Heartstone

C. J. Sansom

4.33 based on 13863 ratings & 941 reviews on Goodreads.com

2011 Nominee

Walter Scott Prize for Historical Fiction

2011 Nominee

National Book Awards Crime Book of the Year

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16 July 2015
9781447285878
768 pages
Synopsis

Heartsone is C. J. Sansom's fifith spellbinding mystery in the Shardlake series.

Summer, 1545. England is at war. Henry VIII's invasion of France has gone badly wrong, and a massive French fleet is preparing to sail across the Channel. As the English fleet gathers at Portsmouth, the country raises the largest militia army it has ever seen. The King has debased the currency to pay for the war, and England is in the grip of soaring inflation and economic crisis.

Meanwhile Matthew Shardlake is given an intriguing legal case by an old servant of Queen Catherine Parr. Asked to investigate claims of "monstrous wrongs" committed against a young ward of the court, which have already involved one mysterious death, Shardlake and his assistant Barak journey to Portsmouth.

Once arrived, Shardlake and Barak find themselves in a city preparing to become a war zone; and Shardlake takes the opportunity to also investigate the mysterious past of Ellen Fettiplace, a young woman incarcerated in the Bedlam. The emerging mysteries around the young ward, and the events that destroyed Ellen's family nineteen years before, involve Shardlake in reunions both with an old friend and an old enemy close to the throne. Events will converge on board one of the King's great warships, primed for battle in Portsmouth harbour . . .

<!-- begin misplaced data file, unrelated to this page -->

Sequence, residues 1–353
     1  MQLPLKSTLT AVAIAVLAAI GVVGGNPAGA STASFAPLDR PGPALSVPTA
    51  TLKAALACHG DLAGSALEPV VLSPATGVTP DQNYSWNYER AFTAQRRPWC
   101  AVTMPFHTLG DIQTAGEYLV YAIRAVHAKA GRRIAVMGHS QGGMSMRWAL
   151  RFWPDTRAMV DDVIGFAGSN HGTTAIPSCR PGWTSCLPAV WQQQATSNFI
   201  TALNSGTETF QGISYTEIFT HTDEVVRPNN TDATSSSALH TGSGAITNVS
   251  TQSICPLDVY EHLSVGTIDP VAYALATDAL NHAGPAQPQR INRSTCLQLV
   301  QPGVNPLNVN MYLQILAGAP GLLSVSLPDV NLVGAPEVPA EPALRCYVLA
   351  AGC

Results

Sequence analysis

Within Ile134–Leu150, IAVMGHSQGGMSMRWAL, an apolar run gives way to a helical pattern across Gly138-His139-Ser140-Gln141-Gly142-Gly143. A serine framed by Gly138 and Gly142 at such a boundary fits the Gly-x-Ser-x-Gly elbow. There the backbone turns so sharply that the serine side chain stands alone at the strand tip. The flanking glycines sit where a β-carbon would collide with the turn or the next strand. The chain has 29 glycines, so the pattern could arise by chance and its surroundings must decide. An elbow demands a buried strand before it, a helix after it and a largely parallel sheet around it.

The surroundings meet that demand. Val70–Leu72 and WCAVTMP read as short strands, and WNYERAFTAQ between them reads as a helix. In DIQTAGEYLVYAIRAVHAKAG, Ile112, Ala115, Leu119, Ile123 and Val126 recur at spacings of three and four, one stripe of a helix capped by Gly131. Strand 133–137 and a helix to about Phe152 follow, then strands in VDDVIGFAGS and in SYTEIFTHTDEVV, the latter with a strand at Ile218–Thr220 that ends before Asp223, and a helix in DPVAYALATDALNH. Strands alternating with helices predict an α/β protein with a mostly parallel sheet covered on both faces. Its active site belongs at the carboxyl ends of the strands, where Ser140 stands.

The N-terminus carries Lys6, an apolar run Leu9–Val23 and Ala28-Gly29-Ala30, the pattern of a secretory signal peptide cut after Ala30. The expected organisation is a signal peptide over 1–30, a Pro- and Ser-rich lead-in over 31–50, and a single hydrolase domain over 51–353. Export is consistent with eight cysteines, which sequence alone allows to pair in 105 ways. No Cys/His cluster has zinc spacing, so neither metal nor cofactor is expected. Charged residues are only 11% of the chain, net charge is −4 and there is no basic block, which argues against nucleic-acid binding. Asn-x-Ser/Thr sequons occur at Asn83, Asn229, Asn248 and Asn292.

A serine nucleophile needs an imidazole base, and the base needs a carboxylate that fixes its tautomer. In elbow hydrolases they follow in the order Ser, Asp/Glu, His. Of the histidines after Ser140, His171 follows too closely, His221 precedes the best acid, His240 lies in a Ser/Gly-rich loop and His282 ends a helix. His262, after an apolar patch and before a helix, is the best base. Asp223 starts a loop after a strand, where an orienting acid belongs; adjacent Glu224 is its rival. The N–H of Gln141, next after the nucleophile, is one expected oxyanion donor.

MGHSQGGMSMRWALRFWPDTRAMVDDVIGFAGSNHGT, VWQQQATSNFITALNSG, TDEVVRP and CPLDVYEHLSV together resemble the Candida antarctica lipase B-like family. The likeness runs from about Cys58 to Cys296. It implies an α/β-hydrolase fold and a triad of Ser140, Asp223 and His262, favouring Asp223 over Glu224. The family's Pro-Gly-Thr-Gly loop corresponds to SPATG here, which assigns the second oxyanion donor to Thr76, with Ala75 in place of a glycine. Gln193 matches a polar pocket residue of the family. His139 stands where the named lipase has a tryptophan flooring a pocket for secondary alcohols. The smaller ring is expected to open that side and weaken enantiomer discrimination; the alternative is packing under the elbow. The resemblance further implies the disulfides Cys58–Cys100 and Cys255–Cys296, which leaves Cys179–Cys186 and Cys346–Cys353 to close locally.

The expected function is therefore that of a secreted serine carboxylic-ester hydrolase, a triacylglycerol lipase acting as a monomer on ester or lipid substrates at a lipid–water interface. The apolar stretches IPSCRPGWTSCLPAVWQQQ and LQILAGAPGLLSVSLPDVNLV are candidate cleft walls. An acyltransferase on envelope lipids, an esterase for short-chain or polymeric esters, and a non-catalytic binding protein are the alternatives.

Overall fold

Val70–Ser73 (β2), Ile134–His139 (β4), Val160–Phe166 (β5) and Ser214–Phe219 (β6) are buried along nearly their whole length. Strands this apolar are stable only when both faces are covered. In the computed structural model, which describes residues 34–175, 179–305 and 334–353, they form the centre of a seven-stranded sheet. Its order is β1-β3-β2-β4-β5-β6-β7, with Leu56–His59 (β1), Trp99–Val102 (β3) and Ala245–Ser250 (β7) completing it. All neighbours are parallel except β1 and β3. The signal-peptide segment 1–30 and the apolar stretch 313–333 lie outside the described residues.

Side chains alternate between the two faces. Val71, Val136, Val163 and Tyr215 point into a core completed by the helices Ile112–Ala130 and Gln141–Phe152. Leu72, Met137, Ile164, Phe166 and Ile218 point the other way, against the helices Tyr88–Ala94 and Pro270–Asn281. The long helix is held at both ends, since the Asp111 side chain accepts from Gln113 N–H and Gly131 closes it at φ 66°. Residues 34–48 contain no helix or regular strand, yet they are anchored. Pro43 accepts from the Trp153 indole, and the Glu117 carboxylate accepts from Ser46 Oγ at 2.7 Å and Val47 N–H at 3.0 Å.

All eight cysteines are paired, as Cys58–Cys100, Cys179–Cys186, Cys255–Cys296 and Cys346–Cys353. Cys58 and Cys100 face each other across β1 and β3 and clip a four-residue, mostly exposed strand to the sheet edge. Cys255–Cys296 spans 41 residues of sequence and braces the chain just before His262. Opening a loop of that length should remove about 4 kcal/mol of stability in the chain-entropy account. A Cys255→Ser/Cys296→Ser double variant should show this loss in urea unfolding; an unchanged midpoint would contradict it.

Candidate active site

Continue the gripping historical series with Lamentation and Tombland.

A virtuoso twisting together of Tudor history and murder mystery that bristles with skulduggery, suspicious behaviour and sinister deaths.

Sunday Times Culture

Fans will need no introduction to Matthew Shardlake, the lawyer embroiled in dark secrets during the reign of Henry VIII. Newcomers can discover why Sansom’s Tudor mysteries exert such a pull.

The Independent

The best novel in this richly entertaining series . . . History never seemed so real.

New York Times